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16 Indonesian Sweet Treats You Need In Your Life

To all homesick Indonesians out there, I'M SORRY.

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1. Martabak Manis

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Let's start with the king of all Indonesian street snacks, martabak manis.

This sweet treat, which has nothing in common with the Middle-Eastern murtabak,

is mostly found across Java, sold by street vendors and high end cafes alike. Trapped between two slabs of buttery fluffiness, fillings range from traditional ones such as cheese, crushed peanuts, or chocolate, to contemporary iterations such as matcha or Oreos.

Perfect for a late night nibble.

2. Pisang Goreng

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Nothing pairs better with afternoon tea than a fresh plate of pisang goreng. Adapted from Portuguese banana fritters, this deep-fried goodness, which is mostly made from latundan banana, can be found on almost every corner of Indonesia, with different regions boasting their own versions of the dish.

Devour it with a dollop of sambal and wash it down with a cup of tea.

3. Serabi

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This one is for the gluten-free pancake lovers!

Traditionally made from a mixture of rice flour, coconut milk, and coconut sugar, serabi is a Javanese treat that can be eaten straight from the stone pan or smothered in a warm broth of sweet coconut milk. The cities of Bandung and Solo are famous for their versions of serabi, but due to its ubiquity you can find it in just about any major Indonesian city.

4. Pisang Ijo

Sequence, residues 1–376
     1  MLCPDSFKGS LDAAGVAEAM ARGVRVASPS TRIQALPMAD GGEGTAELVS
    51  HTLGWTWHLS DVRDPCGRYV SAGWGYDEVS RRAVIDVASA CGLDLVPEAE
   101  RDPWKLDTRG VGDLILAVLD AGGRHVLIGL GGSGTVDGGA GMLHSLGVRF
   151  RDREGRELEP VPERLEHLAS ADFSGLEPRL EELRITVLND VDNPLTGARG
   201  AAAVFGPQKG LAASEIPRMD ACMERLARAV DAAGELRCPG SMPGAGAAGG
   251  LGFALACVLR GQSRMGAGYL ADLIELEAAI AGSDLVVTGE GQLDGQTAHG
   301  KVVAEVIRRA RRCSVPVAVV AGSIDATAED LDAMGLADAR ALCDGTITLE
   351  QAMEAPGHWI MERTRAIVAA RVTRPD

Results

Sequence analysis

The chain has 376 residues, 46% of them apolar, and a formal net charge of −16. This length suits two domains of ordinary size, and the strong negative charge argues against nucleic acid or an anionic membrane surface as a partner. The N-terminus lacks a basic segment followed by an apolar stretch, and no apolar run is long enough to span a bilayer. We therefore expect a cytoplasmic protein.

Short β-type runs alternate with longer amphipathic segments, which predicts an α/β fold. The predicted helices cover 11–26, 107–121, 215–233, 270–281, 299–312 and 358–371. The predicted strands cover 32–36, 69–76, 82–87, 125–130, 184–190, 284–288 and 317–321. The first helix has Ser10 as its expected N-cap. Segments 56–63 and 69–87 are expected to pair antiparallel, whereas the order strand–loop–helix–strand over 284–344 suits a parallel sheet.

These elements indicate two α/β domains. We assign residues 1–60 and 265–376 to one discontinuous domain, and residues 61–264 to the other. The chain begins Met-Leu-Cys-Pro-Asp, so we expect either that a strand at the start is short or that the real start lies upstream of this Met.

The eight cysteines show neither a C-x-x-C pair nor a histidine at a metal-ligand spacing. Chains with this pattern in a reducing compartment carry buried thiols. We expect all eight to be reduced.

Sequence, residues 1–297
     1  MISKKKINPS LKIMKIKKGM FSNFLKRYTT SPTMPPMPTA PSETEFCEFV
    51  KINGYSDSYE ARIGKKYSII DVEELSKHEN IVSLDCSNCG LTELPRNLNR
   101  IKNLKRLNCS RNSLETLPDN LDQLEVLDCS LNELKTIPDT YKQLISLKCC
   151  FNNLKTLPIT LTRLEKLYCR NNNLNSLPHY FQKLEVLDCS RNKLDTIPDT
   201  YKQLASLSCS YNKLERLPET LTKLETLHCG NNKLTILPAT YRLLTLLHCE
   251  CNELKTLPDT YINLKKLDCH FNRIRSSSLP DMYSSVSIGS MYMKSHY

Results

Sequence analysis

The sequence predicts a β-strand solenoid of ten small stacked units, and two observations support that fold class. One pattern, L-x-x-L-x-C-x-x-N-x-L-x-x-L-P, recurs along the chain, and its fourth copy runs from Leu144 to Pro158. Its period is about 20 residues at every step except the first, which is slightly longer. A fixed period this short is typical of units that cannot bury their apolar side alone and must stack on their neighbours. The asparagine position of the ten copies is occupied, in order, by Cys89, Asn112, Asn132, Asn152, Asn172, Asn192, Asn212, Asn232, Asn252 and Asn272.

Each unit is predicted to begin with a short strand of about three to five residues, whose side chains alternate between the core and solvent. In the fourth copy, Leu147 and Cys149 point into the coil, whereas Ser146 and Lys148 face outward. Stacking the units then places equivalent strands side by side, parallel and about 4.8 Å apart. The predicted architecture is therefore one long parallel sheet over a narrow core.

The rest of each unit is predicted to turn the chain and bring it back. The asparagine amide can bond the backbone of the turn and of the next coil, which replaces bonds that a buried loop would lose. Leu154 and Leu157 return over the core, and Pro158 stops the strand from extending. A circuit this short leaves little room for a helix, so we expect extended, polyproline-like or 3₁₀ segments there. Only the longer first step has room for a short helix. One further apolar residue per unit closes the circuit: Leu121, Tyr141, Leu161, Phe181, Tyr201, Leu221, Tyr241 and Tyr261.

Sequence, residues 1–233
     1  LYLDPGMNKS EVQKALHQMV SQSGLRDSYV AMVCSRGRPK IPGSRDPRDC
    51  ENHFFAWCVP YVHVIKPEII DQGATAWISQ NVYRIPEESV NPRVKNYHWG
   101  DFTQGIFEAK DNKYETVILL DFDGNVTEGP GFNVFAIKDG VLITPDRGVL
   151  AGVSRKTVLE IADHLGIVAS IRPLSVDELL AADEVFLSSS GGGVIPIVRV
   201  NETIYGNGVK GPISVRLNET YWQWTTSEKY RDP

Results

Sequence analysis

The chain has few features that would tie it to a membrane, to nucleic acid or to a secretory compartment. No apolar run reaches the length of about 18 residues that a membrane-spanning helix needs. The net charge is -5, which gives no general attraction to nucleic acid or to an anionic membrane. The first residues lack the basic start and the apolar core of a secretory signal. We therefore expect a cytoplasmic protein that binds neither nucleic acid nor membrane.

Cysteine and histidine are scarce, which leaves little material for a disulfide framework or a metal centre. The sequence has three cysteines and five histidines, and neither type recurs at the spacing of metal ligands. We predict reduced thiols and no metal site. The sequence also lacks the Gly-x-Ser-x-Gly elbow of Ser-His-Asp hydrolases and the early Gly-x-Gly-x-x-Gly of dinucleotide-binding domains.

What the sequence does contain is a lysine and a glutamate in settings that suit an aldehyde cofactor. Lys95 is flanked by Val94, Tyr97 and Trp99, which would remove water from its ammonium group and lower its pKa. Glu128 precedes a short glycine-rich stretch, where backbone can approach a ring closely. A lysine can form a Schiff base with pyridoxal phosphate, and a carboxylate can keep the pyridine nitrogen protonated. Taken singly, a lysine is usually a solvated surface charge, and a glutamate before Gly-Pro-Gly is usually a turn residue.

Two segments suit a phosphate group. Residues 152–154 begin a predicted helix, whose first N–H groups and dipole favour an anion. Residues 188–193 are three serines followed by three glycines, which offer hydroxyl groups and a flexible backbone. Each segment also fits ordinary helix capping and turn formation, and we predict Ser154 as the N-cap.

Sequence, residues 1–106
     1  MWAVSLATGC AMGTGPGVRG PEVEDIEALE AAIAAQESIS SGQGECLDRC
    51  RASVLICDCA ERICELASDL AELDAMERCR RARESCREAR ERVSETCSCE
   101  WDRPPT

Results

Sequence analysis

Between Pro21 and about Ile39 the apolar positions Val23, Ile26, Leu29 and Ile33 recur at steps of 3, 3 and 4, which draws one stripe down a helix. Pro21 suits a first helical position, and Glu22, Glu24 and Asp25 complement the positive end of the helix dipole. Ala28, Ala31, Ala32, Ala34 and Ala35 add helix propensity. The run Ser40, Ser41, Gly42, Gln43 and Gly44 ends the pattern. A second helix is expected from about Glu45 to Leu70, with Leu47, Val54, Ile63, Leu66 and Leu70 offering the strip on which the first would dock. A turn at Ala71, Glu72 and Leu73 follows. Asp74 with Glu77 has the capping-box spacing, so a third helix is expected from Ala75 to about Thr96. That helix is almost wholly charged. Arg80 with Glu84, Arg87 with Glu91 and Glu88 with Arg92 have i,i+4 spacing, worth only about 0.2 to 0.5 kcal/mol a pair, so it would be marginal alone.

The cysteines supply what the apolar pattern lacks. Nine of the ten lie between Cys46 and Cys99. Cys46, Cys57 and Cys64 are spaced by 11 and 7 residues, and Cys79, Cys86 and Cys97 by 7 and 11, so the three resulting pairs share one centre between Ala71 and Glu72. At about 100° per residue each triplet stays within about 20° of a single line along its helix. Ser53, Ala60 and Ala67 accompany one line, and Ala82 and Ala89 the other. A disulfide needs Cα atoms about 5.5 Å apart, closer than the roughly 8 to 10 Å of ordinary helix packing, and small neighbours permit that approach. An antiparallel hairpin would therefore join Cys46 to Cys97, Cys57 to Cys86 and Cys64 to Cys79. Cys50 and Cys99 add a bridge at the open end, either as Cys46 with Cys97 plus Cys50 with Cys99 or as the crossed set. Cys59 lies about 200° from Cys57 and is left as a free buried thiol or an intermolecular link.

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A popular dessert unique to the South Sulawesi city of Makassar, pisang ijo derives its name from the chewy green dough enveloping its banana filling. Served in a generous bowl of ice cold pink syrup and condensed milk, this dish is not only delicious, but also Instaworthy.

Great for remedying the scorching Makassar heat.

5. Wajik

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A treat that proves that less is better!

Customarily found all across Indonesia, wajik is a diamond-cut glutinous rice dish cooked in a simple blend of palm sugar, coconut milk, and pandan leaves. It is perfect for a teatime snack, hence its popularity at Indonesian get-togethers, and sinfully addictive.

Proceed to gorge with caution.

6. Kue Cubit

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Kue cubit , or pinched cake in English, is a favorite among Indonesian schoolchildren. Sold outside of schools or at traditional markets, the treat is adapted from the Dutch poffertjes, though it is lighter in taste.

Buy it by the dozen and proceed to nibble while you wait out the notorious Indonesian traffic.

7. Kue Mangkok

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If you think cupcakes cannot possibly get any cuter, think again.

A staple of Indonesian get-togethers, kue mangkok is a type of steamed cupcake made up of a mixture of wheat, rice, and tapioca flour. Different colors signal different flavors, and its tiny portion means that you can pop more than one into your mouth without feeling too guilty.

8. Dadar Gulung

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Perhaps Indonesia's answer to France's crepe, dadar gulung is a thinly rolled pancake made from a mixture of flour, egg, coconut milk, and pandan leaf.

Served during breakfast or teatime, it is usually filled with sweetened coconut shavings.